Often when I meet with a potential client for the first time to discuss a divorce, they readily state that their divorce will be “uncontested.”
“We both pretty much agree on the basic terms of the divorce settlement and want to move ahead as quickly as possible,” I am told.
However, based on decades of experience, I advise my client to strive for civility, but be realistic about how the process will ultimately shake out. After all, they would not be getting a divorce unless there was some degree of contention in the relationship. We are all human and divorce is no walk in the park. It is a major life change that few of us ever anticipate. Confusion or misinformation about divorce law and divorce finances can turn an otherwise balanced person into someone you don’t recognize. When things don’t turn out as expected, emotions can bubble up and may reveal deep pain, underlying conflict, and resentment.
For some individuals, being civil during a divorce is simply impossible. Perhaps your soon-to-be-ex has a tendency to be confrontational or even abusive. Whatever the reason, if you foresee constant fighting and conflict in your divorce, it’s a good idea to be honest about this with your divorce attorney immediately. And be as specific as possible. If you believe your spouse will put up a fight over certain items or community assets, or has ideas about how the marital estate should be divided, explain this to your attorney. He or she can factor that into a strategy for moving through negotiations.
If you anticipate being involved in a high-conflict divorce or aren’t certain what to expect, here are a few tips on how to make the best of a potentially difficult process.
Establish Protections for yourself and your children
High-conflict personalities tend to be destructive in a variety of ways in a divorce situation. Whether your spouse is simply argumentative, emotionally aggressive, or physically dangerous, do whatever is necessary to protect yourself and your family as you move toward and through the divorce process. If your spouse is physically dangerous, call the police if you feel threatened. Be sure you talk honestly to your attorney about this aspect of your relationship; if necessary, ask about securing a restraining order.
Open new, protected bank accounts and credit cards in your name only to prevent your spouse from harming you in a financial way. You may want to move half your marital funds into a separate account in your name only. You will be responsible for these funds, but they are considered community assets and you have a legal right to access them. Also, consider changing the locks in your home. Stay off social media. The less information you give your spouse the less he or she will have to get upset about, or try to use against you; so be private about your affairs and leave communication to your attorney.
Get Temporary Orders in place immediately
Your divorce attorney will help you obtain temporary orders from the court regarding child support, a temporary parenting plan, living arrangements, and finances. Work with your legal team to develop these, especially with regard to finances. Temporary orders are legal orders signed by the court that establish rules on how both spouses behave during the divorce process. If your spouse does not follow the order, you will have legal recourse.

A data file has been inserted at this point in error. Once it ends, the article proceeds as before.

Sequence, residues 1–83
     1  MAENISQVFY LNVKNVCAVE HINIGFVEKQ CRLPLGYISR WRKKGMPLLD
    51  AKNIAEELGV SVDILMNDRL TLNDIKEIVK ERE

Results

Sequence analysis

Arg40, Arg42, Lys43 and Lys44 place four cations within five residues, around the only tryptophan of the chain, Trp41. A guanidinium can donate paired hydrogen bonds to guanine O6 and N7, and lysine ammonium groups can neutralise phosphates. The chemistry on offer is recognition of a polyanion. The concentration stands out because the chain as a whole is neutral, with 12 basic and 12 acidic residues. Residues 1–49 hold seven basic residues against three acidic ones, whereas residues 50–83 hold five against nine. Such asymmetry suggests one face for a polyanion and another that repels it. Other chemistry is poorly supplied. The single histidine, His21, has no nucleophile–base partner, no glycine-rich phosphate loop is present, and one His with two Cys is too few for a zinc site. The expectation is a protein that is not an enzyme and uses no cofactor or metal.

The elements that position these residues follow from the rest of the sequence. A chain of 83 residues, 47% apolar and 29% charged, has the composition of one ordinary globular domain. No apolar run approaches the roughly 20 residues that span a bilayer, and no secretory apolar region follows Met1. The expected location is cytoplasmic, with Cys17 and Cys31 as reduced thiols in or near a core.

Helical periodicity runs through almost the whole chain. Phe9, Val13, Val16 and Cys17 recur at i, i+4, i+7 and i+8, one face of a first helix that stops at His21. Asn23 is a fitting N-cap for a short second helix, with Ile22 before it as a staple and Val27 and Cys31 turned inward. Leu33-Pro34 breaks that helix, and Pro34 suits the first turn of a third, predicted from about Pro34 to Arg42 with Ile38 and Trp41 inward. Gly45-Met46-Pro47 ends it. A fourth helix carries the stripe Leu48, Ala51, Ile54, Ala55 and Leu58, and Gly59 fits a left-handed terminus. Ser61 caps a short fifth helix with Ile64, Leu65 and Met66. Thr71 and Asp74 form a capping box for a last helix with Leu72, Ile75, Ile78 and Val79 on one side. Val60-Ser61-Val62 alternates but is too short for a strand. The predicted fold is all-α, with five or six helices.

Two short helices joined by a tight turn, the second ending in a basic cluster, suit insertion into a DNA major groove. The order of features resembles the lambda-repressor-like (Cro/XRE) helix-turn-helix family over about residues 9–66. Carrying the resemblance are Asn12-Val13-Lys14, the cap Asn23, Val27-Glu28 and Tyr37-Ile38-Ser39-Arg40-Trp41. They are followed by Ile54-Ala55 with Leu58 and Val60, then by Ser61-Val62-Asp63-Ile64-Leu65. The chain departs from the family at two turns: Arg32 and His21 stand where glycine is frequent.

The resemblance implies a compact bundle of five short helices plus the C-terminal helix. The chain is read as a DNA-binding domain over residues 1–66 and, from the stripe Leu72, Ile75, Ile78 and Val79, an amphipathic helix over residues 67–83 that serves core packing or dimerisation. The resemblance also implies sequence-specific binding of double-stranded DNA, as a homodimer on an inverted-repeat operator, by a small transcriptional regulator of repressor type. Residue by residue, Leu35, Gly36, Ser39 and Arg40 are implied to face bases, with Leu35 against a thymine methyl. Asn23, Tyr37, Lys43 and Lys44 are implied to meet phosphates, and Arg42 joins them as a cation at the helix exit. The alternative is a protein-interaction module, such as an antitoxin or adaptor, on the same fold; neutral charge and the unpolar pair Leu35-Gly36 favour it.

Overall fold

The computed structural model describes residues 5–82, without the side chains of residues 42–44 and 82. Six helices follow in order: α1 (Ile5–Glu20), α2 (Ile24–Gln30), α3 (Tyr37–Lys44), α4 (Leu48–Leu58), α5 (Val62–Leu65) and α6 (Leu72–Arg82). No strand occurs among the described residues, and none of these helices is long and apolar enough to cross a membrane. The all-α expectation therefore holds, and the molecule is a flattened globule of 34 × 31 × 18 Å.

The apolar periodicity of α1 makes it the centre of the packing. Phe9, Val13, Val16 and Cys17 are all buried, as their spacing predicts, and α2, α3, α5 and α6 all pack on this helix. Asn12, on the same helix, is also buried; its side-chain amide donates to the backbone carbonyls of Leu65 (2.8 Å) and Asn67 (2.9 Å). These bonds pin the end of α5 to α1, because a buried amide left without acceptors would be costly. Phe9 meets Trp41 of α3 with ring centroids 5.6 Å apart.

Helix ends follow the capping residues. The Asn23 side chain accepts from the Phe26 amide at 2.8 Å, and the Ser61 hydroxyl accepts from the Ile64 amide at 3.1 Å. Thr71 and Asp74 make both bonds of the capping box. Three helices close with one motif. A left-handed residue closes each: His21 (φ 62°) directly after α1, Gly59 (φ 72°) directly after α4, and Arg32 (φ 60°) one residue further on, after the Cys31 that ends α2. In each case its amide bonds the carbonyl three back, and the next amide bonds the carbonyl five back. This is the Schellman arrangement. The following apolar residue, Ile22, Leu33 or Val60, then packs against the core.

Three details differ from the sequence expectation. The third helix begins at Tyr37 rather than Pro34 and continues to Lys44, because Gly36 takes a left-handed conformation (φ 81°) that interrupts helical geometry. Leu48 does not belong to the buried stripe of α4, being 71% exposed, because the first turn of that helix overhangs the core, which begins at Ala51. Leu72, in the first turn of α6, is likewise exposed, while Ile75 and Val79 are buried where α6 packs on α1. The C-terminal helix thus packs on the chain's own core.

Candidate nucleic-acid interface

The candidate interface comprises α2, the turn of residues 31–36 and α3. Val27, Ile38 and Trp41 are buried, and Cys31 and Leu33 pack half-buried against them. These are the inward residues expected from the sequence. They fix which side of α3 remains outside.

Stay neutral toward your spouse in front of your children
It’s never a good idea to disparage a spouse in front of your children. Remember, your issues with the other parent should not affect them. Don’t use children to send messages, and don’t deliberately try to alienate your children from your spouse. These are all actions that could be used against you in a custody fight. Once temporary orders are in place, abide by these, especially where visitations with children are concerned.
Focus on your future
Don’t dwell on past hurts. You can’t change the past. If you are seeking a divorce, you are already moving toward a new chapter of your life. Make choices now that will create the life you want. If your spouse tries to drag you back into the past, or wants to argue or find fault, stay calm and stick to the business at hand. The best approach is to limit contact and interaction with your spouse unless your attorney is present. It may be best to not answer texts, emails or phone calls. If you have children together, only respond succinctly to communications about their care, etc.
Talk with a therapist
Most people going through divorce have regrets. During the process, you may experience moments of guilt or remorse that trigger a desire to “try one more time to make it work.” Sharing these kinds of feelings with a therapist, and not your spouse, is your best move. A therapist will assist you in sorting through these emotions and help you to take the best course of action for you. If your spouse has been abusive or has a high-conflict personality, make sure you are honest with your therapist about this. Consider the fact that few of these individuals will ever really change who they are. Also, never apologize to your spouse during your divorce, especially in writing. This could be used as an admission of guilt, legally speaking, and could be used against you in court.
It’s likely, the contention between you and your spouse during your marriage will never be fully resolved. Try to be realistic about what you expect to come from your divorce emotionally, financially and legally. Make a list of your priorities. Set realistic goals for you and your divorce attorney to focus on achieving. If you have children, prioritize their needs. Getting a divorce isn’t about “winning” or “losing,” even though some people may see it that way. Accept that you will likely not get everything you want. Then, move forward into the future you want for yourself.